By Stephen Crawford
However, the lull didn't last long, as transfer season appears to be in full swing already, dominating headlines and reintroducing the sense of anxiousness that we associate so much with the beautiful game.
One such nervy saga concerns English Premier League side Arsenal, whose leaky defence have prompted the Emirates side to attempt to sign Blackburn centre-back Christopher Samba. Samba, whose surname conjures images of slick South American skill, is a 6ft 4in physical brute, about as far removed from Brazilian flair as you can get.
Using the Congolese defender as inspiration, Goal.com have composed a Top 10 list of footballers with inappropriate names, in that their monikers don't match their background in some way or another. We have also included a smaller list of honourable mentions which narrowly missed out.
10. Claudio Gentile
Gentile translates from Italian to English as 'kind' or 'nice', traits that the former defender never once showed on a football pitch. The 1982 World Cup winner enjoyed kicking Diego Maradona around in that particular tournament, is well remembered for ripping Brazilian legend Zico's shirt in half, tripping up Kevin Keegan at an awards ceremony, and also renowned for digging his nails into an opponent when 'helping' him up off the ground – after putting him there himself in the first place. Argentine hero Mario Kempes said of the ruthless hardman: “If you went to the toilet, Gentile would follow you there.”
9. Philipp Lahm
Another bilingual beauty, the Germany and Bayern Munich captain's surname means 'lame' or 'feeble' or 'sluggish' in English. Any fan of German football will understand why the defender's unfortunate title doesn't fit the package it was assigned to, as the full-back's efficiency, confidence and adaptability has led his club team to victory in numerous domestic competitions, while also narrowly missing out on the Champions League trophy in the 2009-10 final.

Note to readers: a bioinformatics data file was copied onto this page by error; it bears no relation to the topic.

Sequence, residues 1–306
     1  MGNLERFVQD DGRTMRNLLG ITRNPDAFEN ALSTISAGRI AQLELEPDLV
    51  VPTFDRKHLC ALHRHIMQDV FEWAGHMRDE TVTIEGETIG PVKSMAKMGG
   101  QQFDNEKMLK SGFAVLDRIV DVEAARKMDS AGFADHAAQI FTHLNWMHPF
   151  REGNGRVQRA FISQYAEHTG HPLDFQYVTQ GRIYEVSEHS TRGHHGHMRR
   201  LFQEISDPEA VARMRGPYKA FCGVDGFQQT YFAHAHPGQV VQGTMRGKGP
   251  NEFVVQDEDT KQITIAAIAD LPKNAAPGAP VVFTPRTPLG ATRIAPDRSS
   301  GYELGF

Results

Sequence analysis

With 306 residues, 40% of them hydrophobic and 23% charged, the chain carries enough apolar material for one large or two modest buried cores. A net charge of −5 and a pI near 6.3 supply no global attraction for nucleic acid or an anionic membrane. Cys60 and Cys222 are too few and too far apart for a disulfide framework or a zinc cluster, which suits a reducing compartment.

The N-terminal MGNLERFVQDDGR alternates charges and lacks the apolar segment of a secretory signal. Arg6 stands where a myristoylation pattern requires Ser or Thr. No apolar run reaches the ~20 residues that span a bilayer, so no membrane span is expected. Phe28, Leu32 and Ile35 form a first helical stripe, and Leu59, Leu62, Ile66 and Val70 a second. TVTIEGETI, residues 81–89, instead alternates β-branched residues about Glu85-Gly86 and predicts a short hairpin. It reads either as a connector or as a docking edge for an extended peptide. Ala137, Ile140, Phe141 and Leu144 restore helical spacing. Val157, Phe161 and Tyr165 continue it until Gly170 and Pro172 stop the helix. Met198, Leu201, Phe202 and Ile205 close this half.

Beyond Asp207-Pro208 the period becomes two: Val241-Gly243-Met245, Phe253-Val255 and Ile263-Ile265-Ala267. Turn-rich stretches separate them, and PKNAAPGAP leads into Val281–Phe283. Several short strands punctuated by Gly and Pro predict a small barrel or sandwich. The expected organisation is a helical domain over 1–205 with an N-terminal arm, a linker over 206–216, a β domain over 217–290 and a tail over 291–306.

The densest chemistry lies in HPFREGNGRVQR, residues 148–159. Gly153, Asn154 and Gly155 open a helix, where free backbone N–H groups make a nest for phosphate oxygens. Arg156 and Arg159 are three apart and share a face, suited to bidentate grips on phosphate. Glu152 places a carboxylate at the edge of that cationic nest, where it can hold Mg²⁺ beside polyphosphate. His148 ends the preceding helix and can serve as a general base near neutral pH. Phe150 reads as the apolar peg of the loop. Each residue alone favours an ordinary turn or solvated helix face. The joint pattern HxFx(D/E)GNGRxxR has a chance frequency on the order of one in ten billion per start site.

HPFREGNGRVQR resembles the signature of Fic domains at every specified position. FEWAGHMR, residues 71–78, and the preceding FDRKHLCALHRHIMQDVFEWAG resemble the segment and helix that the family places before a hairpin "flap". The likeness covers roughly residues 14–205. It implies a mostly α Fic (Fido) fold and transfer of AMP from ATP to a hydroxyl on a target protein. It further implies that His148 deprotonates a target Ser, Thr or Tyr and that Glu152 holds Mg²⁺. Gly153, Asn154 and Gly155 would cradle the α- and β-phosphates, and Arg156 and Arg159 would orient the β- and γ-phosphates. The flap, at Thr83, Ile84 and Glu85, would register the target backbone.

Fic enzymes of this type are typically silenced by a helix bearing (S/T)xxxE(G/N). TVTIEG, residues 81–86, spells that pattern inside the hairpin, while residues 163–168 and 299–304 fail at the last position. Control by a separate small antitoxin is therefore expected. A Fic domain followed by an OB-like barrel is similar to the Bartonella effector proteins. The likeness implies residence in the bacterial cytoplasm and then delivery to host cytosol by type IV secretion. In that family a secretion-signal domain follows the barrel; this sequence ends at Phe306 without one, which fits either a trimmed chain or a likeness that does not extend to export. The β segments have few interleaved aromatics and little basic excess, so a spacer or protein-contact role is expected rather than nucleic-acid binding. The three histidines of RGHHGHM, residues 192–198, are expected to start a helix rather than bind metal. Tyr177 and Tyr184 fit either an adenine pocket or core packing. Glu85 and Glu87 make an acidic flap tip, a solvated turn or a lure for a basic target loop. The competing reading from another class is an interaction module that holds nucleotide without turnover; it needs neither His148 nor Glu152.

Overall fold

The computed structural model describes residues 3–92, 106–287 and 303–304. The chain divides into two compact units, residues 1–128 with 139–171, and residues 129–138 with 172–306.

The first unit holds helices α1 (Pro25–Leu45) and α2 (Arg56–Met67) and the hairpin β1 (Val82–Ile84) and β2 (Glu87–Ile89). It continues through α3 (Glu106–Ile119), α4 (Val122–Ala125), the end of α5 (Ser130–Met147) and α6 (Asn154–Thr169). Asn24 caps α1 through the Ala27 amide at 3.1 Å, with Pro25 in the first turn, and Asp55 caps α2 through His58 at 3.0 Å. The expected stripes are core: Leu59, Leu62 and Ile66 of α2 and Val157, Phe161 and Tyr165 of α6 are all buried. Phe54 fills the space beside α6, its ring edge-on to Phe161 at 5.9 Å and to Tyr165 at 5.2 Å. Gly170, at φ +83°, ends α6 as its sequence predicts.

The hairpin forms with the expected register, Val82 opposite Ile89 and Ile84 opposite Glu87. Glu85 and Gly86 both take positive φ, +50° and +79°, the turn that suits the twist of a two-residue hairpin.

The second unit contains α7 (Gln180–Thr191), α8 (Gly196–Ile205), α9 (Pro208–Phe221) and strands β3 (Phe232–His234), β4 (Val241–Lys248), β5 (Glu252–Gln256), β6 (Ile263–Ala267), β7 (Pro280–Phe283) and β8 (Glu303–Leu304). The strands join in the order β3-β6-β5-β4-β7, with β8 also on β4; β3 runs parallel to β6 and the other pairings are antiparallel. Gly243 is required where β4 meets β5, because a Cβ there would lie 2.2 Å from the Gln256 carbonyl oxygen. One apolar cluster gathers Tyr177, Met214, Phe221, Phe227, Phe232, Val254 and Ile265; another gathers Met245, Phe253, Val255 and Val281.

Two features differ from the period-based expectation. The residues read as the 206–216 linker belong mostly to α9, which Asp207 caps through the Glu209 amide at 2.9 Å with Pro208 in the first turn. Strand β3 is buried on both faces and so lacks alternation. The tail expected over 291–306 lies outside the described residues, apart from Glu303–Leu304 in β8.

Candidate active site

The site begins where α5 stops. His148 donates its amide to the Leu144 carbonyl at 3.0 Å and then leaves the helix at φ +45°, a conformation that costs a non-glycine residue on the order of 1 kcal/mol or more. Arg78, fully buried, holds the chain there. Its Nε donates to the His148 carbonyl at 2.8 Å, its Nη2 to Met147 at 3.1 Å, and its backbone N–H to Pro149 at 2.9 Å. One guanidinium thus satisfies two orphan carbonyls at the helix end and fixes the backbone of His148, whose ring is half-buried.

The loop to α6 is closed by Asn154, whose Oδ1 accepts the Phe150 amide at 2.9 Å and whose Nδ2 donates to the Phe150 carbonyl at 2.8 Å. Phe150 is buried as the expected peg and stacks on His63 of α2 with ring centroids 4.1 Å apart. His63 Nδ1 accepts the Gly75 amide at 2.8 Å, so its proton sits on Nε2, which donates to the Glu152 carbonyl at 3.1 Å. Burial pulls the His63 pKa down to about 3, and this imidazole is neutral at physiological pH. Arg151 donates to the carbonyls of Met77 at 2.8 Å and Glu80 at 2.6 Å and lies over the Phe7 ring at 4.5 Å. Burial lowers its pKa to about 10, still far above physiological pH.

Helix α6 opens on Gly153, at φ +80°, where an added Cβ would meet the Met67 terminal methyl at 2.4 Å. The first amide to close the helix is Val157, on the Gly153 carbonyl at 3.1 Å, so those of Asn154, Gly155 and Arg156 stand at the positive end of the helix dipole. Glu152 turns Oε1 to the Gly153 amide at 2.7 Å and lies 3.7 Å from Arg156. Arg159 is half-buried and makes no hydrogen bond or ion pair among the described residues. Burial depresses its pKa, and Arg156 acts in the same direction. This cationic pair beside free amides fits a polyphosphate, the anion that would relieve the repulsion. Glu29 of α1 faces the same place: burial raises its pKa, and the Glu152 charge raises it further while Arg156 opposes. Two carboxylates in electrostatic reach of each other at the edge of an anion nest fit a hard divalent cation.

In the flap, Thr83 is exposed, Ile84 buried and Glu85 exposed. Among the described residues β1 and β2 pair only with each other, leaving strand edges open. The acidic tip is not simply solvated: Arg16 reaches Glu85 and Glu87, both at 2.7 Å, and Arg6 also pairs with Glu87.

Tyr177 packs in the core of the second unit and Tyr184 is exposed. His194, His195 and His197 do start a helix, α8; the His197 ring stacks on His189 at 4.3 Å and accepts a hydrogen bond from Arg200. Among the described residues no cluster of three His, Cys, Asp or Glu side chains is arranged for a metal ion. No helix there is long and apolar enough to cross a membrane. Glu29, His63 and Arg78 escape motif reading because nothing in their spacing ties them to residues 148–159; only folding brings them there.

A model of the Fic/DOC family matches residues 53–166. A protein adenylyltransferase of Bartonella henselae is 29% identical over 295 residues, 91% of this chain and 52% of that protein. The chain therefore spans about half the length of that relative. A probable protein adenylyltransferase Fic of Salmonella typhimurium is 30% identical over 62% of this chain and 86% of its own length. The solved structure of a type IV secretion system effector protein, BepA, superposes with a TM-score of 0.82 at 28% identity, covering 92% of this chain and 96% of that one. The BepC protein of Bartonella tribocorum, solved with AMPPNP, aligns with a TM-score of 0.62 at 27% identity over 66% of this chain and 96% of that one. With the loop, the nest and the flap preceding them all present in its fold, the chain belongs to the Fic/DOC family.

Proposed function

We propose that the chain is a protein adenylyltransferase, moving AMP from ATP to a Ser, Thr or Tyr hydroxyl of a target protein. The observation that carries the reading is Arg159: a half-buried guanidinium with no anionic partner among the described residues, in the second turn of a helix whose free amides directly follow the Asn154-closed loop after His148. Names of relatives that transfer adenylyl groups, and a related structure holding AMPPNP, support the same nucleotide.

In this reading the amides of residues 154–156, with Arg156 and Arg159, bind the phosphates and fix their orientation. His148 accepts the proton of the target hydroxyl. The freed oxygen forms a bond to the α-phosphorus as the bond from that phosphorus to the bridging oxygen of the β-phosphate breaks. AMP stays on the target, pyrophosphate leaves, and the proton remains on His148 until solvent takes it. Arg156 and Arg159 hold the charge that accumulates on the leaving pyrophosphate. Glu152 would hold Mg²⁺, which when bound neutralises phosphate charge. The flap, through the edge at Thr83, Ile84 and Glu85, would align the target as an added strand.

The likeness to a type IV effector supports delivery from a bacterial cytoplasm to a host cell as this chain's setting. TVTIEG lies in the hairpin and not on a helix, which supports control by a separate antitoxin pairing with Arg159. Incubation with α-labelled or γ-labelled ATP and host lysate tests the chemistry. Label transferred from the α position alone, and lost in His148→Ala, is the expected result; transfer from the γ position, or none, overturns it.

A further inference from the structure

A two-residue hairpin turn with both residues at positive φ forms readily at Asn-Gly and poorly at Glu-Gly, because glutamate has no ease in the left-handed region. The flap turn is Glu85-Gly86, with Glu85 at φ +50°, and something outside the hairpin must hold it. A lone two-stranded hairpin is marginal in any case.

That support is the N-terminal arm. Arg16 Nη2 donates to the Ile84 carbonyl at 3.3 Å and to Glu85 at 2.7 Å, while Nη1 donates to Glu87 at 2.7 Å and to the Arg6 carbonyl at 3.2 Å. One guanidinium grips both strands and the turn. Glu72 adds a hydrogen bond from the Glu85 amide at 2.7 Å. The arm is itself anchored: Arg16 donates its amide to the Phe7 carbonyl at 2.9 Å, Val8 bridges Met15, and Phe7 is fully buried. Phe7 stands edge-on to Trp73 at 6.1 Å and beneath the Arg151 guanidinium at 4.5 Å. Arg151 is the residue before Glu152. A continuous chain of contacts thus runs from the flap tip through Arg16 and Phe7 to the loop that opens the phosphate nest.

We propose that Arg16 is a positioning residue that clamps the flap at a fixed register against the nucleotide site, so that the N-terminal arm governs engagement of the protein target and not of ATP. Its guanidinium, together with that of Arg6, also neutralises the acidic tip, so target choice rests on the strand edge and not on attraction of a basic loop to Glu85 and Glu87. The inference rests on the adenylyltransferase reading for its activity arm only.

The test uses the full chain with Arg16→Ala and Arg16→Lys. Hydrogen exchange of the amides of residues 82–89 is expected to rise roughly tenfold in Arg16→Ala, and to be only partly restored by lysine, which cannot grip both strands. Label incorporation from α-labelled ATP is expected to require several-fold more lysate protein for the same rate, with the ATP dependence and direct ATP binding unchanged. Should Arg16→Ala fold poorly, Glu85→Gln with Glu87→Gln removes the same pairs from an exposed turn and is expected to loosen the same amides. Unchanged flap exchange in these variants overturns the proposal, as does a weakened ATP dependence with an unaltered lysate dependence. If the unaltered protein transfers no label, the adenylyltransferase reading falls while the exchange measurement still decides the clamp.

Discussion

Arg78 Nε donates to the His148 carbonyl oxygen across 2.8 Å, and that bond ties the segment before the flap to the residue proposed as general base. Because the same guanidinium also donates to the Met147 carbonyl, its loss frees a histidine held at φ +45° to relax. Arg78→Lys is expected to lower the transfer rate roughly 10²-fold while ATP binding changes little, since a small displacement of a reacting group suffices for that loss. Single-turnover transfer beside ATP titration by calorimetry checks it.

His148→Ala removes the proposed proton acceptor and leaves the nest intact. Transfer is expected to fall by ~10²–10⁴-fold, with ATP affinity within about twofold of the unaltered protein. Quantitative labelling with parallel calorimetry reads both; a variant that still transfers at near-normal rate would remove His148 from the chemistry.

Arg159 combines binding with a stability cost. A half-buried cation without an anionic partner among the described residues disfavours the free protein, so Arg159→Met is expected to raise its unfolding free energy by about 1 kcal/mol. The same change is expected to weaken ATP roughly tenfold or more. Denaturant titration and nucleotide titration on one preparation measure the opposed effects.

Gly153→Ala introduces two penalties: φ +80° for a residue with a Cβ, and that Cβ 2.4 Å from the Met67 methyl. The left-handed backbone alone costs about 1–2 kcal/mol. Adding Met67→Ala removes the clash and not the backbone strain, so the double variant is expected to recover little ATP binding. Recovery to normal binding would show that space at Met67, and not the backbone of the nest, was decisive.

8. Norman Conquest
A name anyone with a sense of humour would enjoy, this former Australian goalkeeper had a lot to live up to when he parked himself between the sticks for the Socceroos. A three-year stint as the custodian for his national side saw him pick up 11 caps between 1947-1950, but failed famously when trying to achieve William the Conqueror-style status after being the last line of defence for an Australia XI that lost 17-0 to an English FA representative side in 1951.
7. Danny Invincibile
With a handle that sounds more like a superhero than a footballer, you'd expect a colossal goal return from the Australian-born forward. However, proving hardly indestructible, Invincibile suffered from injuries during his first season at Kilmarnock – his longest serving side – before eventually establishing himself in the team and producing a return of roughly one goal in six games over an eight-year period. Released in January this year, the 32-year-old was then picked up by St Johnstone, who subsequently let him go at the end of the 2010-2011 season.
6. Rod Fanni
Fanny may be American slang for buttocks, but the French full-back's displays on the pitch have shown that he is anything but a bum, earning himself a handful of international caps as well as interest from many of Europe’s elite clubs in recent transfer periods. The fact that his first name is Rod adds to the hilarity.
5. Rene Houseman
Rene Orlando Houseman, Huracan legend and former right winger for the Argentine national side, has a last name that would have you perhaps view the former South American star as a quiet homebody, enjoying nights on the porch with a wife, watching the kids play – but far from it. Houseman's career was cut short due to a tendency to put partying ahead of his football, earning a reputation as a lover of gambling, women and drinking.